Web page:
The Yiddish Book Center's
Wexler Oral History Project
A growing collection of in-depth interviews with people of all ages and backgrounds, whose stories about the legacy and changing nature of Yiddish language and culture offer a rich and complex chronicle of Jewish identity.
Sruli Dresdner's Oral History
Sruli Dresdner, Jewish musician, scholar, and educator, was interviewed by Christa Whitney on August 25, 2011 at KlezKanada, in Montreal, Quebec. His father was born into a Hasidic family in Belgium right before World War II. They were one of the families that Roosevelt brought to the refugee camp in Oswego, New York. His mother was born in Berlin; her family escaped soon after Kristallnacht and came to the United States after two years in Cuba. Much of the Jewish music that Sruli knows was taught to him by his grandparents. His paternal grandfather was very talented musically and his maternal grandfather collected nigunim [Hasidic melodies]. Sruli grew up in Kew Gardens, Queens attending a small, atypically diverse Hasidic synagogue. He was educated in primarily Yiddish-speaking Hasidic religious schools, but the curricula did include some secular subject matter. After high school he studied Talmud virtually full time and began to question the importance of orthodox Judaism in his life; he left the Hasidic world in his early twenties. Sruli became aware of a different Yiddishist world when he attended KlezKamp and then KlezKanada about fifteen years ago. He enjoyed learning about the wide variety of Yiddish music and meeting a whole community of people who loved the music that he did, including the music of his youth. At some point he decided to switch careers from corporate lawyer to Yiddish musician. Sruli now performs, records, and teaches workshops with his partner Lisa. Each had young children at the time that they met and singing to children has always been a focus. They have performed in hundreds of schools; many of these do not have primarily Jewish student bodies. He explains their interactive style and how they get the children involved in the music and dancing. Sruli talks about his love of the "juicy" Yiddish language and sees speaking it as another way to make friends with the culture. One did not read Yiddish literature in his childhood environment, so he is reading Peretz and Sholem Aleichem. His wife is learning Yiddish, but they are not at this point teaching Yiddish to their children. Sruli talks about the different ways that the Hasidim versus the more secular world relate to klezmer music and nigunim. He explains and demonstrates what makes a good nigun and likes ones where the same note is repeated many times, creating a meditative quality. Sruli provides insights about the role of the performer in the transmission of culture; this can be accomplished to some degree even in a brief encounter with an audience. His advice to future generations is to avoid "throwing the baby out with the bath water" – he recommends maintaining a relationship with those parts of your background that are meaningful to you.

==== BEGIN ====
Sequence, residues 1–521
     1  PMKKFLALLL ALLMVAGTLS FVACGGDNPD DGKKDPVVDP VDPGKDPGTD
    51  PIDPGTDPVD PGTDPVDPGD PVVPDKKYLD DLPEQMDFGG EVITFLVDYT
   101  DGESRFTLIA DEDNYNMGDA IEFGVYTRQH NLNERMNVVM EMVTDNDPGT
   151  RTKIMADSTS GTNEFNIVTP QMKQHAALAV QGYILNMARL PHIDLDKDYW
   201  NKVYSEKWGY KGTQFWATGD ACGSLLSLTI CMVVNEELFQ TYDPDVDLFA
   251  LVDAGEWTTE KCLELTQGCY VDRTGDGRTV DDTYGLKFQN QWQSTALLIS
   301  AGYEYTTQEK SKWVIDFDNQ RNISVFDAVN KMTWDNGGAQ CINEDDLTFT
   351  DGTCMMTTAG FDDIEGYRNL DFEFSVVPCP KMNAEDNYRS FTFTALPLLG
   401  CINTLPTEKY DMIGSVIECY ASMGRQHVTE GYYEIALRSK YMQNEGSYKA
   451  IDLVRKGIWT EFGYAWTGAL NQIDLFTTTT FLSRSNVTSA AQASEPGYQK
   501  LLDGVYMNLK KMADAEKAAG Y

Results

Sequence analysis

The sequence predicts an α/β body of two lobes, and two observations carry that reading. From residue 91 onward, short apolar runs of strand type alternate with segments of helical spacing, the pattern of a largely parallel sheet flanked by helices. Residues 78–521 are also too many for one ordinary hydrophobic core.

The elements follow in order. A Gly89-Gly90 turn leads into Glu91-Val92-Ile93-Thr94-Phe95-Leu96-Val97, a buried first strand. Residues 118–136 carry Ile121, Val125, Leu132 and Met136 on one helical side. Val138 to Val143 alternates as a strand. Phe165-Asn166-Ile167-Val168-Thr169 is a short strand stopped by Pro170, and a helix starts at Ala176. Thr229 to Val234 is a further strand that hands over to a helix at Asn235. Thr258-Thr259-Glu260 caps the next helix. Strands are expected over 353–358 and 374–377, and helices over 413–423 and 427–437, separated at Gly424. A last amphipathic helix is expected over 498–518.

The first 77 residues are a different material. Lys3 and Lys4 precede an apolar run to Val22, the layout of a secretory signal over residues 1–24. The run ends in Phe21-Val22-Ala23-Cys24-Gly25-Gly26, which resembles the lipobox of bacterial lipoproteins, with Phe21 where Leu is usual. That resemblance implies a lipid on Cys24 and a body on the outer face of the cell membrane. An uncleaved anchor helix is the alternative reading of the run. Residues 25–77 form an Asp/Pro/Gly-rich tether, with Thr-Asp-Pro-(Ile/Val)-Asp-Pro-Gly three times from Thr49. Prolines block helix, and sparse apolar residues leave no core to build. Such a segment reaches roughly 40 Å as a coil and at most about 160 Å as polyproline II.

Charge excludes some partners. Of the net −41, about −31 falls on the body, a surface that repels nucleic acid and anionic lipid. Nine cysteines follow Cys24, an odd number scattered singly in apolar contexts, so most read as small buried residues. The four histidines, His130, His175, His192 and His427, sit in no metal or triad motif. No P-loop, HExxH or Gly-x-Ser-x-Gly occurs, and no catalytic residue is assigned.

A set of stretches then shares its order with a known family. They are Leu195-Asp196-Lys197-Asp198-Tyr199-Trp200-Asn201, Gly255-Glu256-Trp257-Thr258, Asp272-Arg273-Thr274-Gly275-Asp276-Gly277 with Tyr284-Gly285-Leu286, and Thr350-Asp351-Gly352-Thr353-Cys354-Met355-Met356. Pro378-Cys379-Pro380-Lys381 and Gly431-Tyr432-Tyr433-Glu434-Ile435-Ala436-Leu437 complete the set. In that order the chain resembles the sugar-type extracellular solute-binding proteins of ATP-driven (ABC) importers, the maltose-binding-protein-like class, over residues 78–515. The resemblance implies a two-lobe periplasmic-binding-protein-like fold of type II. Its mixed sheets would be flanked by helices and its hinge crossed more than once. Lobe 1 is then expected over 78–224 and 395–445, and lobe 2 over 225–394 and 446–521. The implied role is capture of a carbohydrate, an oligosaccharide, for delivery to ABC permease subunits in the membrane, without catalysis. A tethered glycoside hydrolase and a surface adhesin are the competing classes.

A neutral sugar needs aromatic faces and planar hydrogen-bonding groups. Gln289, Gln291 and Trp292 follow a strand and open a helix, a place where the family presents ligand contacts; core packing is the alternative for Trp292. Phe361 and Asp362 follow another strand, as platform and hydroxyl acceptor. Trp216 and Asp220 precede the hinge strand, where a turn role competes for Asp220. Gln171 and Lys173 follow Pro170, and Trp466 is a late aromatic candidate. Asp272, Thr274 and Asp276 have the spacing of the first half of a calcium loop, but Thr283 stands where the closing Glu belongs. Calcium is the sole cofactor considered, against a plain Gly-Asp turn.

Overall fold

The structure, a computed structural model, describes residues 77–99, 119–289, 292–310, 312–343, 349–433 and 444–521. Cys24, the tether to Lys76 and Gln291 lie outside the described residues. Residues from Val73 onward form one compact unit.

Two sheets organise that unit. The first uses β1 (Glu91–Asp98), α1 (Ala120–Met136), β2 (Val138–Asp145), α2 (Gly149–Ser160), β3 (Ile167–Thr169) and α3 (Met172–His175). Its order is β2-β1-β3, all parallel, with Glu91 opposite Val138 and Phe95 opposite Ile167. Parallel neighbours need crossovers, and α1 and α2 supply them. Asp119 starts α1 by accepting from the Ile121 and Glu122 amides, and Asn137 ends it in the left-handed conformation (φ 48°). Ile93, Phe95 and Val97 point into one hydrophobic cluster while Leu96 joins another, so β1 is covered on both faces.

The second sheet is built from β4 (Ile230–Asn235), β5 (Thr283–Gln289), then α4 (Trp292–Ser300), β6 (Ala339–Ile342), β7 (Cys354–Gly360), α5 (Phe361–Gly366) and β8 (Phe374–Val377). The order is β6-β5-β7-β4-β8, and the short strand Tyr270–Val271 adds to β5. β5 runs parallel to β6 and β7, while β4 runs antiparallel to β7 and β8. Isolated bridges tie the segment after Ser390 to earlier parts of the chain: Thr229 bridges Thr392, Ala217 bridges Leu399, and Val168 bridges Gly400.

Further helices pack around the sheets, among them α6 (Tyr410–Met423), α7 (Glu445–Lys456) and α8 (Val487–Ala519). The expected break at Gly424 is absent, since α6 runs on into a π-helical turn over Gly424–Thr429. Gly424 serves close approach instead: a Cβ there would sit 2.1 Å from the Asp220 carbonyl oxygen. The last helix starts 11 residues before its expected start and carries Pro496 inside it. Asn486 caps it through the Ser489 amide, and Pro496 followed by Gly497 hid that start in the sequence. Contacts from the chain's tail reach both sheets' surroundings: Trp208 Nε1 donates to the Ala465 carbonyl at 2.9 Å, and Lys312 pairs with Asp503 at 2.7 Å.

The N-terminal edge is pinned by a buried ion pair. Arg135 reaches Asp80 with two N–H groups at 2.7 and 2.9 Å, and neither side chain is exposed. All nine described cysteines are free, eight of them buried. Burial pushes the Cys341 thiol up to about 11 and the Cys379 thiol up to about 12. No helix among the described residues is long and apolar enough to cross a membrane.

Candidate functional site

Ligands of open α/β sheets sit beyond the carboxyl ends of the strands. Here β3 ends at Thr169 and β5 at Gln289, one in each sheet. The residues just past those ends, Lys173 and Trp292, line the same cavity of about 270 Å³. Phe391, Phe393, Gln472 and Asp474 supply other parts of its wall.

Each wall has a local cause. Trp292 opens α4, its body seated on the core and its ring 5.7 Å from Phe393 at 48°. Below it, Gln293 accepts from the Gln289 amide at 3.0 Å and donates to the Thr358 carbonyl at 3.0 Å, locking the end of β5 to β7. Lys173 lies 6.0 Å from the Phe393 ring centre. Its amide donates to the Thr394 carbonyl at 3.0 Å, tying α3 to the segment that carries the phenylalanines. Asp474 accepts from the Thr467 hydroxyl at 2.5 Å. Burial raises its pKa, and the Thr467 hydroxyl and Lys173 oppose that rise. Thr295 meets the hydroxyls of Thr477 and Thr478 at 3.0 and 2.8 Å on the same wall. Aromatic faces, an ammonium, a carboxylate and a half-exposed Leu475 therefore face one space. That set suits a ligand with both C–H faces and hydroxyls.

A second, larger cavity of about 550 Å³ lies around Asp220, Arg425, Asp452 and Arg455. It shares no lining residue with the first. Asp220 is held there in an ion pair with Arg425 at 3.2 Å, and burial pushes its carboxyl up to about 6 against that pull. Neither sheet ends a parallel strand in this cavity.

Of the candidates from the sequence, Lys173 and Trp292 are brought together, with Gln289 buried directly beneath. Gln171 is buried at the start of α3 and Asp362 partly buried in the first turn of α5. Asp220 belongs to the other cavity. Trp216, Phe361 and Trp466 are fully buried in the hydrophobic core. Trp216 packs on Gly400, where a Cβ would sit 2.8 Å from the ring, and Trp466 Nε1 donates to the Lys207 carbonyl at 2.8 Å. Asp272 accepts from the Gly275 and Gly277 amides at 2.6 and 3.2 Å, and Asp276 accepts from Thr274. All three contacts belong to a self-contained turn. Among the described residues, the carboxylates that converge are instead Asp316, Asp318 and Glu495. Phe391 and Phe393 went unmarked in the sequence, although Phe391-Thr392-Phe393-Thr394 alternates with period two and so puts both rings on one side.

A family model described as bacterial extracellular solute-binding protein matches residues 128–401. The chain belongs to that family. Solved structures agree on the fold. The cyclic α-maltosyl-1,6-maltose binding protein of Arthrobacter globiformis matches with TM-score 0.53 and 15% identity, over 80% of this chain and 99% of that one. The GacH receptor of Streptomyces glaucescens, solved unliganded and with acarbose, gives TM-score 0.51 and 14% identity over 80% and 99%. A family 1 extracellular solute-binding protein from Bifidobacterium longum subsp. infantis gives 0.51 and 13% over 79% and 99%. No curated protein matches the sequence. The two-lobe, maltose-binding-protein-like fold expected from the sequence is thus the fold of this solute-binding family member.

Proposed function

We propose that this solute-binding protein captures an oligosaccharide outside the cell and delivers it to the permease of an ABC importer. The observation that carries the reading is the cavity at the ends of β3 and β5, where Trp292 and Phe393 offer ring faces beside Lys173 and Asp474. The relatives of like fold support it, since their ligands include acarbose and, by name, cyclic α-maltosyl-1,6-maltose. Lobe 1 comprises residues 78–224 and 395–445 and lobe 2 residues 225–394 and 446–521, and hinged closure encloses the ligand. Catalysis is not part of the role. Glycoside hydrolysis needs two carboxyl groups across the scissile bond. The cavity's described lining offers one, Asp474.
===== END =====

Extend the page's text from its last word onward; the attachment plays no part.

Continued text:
This interview was conducted in English.